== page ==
Unless you’ve managed to survive living under a particularly remote rock these past five years, you likely have some familiarity with Lin-Manuel Miranda’s smash-hit musical, Hamilton. The record-breaking show has taken the country by storm, with the Chicago showing alone having made more than $400 million in gross sales at the box office over its three-year run. With a plot that intricately studies the Founding Fathers and the roles they played in building the United States, the musical has quickly become one that’s beloved by many around the world.
At this point, you’re probably thinking, “Ok, Ashlyn, yes I know about Hamilton! But didn’t you bring me here to learn something about sales coaching models?” While it may come as a shock to you, the two have more in common than you’d suspect.
As highlighted in our recently-released sales coaching playbook, we managed to debunk three sales coaching styles that will best prepare your team to excel far beyond the end of their sales training curriculum. The fact is, many of the characters in Hamilton either exhibited a proficiency or deficiency in one of the three sales coach training areas we covered. So, instead of me listing benefit after benefit, let’s study the strengths and weaknesses of Hamilton’s characters to answer the question, “Why is sales coaching important?”.
George Washington, the performance champion
As one of the most beloved characters in Hamilton, it should come as no surprise that George Washington would have excelled in the world of coaching for sales performance. Throughout the musical, his character consistently challenged his men to be the best versions of themselves. In the musical, he led with honesty and compassion — even when it meant challenging others with tough feedback. His leadership style was highly adaptable and relied heavily on clarity utilized to direct his men. However, what easily remained Washington’s greatest asset with regards to his sales coaching tools was his ability to step into his men’s shoes and lead with empathy. His aptitude for putting his men’s lives first and striving to understand where they were coming from gained him both their respect and admiration.
King George, the skills bumble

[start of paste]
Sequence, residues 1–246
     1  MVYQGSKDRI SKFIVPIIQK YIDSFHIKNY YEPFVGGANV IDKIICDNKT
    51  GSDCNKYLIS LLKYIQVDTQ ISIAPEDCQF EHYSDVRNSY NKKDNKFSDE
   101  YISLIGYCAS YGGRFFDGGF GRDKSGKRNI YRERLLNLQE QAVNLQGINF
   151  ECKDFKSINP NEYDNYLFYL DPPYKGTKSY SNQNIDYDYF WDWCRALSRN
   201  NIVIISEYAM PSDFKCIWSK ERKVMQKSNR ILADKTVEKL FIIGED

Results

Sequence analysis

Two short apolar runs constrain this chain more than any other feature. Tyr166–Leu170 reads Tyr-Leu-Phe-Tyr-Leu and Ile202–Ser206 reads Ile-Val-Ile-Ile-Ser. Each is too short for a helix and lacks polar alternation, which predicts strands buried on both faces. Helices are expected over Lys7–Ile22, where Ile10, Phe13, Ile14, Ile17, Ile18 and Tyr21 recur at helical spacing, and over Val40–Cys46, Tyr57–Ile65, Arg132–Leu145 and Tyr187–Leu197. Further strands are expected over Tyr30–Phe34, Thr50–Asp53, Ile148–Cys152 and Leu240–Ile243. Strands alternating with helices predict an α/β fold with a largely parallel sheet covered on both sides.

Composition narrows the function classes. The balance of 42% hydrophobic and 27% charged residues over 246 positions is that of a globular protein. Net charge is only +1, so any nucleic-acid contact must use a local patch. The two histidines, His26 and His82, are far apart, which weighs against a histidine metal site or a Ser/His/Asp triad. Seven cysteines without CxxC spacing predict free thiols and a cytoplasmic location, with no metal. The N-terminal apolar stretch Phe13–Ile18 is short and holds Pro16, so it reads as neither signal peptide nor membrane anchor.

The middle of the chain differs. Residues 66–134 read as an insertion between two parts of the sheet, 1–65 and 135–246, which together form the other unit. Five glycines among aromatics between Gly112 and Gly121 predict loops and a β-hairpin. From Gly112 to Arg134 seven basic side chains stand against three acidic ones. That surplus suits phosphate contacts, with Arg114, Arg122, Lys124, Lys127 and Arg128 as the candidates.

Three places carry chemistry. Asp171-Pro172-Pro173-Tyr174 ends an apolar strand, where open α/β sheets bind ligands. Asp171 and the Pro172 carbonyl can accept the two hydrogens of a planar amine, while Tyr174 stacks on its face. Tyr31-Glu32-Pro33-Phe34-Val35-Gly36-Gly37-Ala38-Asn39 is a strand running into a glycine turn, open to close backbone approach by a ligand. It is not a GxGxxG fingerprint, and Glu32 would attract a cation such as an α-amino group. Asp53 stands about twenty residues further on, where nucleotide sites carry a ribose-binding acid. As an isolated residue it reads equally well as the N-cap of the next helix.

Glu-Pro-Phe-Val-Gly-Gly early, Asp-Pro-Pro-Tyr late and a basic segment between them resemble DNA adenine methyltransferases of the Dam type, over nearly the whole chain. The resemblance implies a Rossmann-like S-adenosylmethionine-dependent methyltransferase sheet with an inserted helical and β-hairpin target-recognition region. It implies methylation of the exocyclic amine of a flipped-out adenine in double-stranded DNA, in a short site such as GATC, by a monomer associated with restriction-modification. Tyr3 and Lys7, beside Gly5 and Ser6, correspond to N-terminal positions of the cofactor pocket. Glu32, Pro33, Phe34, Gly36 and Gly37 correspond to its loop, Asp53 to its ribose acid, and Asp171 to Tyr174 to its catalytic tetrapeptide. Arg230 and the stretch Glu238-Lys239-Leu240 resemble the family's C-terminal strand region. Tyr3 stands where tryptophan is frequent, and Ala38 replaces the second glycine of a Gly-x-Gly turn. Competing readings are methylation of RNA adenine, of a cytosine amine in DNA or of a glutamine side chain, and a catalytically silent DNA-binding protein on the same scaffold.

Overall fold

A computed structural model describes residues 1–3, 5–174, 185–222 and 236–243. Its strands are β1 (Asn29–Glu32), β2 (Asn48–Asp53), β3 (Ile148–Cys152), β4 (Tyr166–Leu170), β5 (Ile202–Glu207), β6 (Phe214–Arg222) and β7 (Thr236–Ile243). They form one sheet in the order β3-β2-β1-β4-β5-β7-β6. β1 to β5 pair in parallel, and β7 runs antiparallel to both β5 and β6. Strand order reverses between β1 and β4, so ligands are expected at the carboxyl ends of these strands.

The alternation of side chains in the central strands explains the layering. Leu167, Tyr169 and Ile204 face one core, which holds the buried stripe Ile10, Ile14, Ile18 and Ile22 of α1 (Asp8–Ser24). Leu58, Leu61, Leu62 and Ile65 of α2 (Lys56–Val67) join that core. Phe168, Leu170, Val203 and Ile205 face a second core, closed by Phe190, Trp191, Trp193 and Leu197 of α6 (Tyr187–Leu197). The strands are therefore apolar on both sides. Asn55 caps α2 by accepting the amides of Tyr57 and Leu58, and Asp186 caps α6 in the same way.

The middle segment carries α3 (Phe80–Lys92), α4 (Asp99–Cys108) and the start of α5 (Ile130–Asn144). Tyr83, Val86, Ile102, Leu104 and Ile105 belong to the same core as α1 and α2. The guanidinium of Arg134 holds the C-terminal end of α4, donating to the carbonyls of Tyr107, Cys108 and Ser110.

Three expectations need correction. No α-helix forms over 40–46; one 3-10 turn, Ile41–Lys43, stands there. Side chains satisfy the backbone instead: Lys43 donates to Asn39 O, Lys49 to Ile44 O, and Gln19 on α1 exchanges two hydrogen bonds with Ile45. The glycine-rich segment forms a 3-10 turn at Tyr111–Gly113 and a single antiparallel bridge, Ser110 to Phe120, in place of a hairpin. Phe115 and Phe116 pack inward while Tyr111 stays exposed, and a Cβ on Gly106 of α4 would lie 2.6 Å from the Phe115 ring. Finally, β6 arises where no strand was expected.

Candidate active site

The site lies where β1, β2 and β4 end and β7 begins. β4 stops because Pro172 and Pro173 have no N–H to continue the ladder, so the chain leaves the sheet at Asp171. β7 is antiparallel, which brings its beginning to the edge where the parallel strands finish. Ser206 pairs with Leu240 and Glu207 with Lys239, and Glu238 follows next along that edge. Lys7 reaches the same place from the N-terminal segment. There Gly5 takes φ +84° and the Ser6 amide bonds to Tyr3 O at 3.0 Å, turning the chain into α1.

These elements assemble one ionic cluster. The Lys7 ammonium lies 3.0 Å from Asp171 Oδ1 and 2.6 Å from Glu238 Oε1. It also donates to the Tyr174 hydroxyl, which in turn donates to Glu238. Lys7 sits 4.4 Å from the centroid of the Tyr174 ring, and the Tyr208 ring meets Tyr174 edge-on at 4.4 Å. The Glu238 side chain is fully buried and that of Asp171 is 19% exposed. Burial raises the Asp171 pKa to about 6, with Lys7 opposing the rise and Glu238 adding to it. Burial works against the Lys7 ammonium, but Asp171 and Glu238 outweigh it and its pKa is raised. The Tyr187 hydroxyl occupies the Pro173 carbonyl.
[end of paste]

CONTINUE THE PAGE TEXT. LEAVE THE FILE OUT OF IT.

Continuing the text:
Contrary to Washington, a character that could’ve used a few sales coaching courses himself was none other than King George III. If the thirteen colonies were to be viewed as a sales prospect, his methods serve as a case study in exactly what one shouldn’t do. King George could not act as a trusted advisor to the colonists as he had no familiarity with the problems they faced. He couldn’t run effective meetings, lacked the tact and the listening skills to handle objections to his pitch, and failed to build a solution based on his “client’s” needs. The inability to provide an agreement that worked for everyone involved ended with his client opting to move in another direction and a lost deal. If he had simply focused on asking the right questions to reveal ways to generate new opportunities for the colonists, it’s likely that this sales training module would’ve ended successfully, and he would’ve felt like this.
Eliza Hamilton, the ultimate hype woman
Are you surprised that the great Alexander Hamilton himself did not make this list? The fact is, while Hamilton was a great team player, he was also the character who needed the most coaching. Alternatively, the best 1:1 coach in the show was none other than his wife, Eliza. Eliza demonstrated all of the best qualities of a professional sales coach: She remained consistent, she always listened before speaking, and she invested in those around her. Throughout the show, Eliza always made a point of showing up for both Hamilton and their son, Phillip. She celebrated their wins, offered feedback in times of difficulty, and ultimately invested in their growth. She acted as the greatest listener throughout the musical and pointed out potential rather than criticism at every possible opportunity. Simply put, there was no greater fan than Eliza. She invested deeply in each of her relationships and encouraged her team throughout both the highs and lows. She’s a great example of how sales coaching best practices can lead any team to victory.
While you may not have traditionally considered sales coaching techniques in terms of musical theater, I hope that those taken from the characters of Hamilton are some that you seek to implement on your own teams. By effectively utilizing aspects of performance coaching, skills coaching, and 1:1 coaching together, you will enable your teams to be the best versions of themselves and “not throw away [their] shot”.
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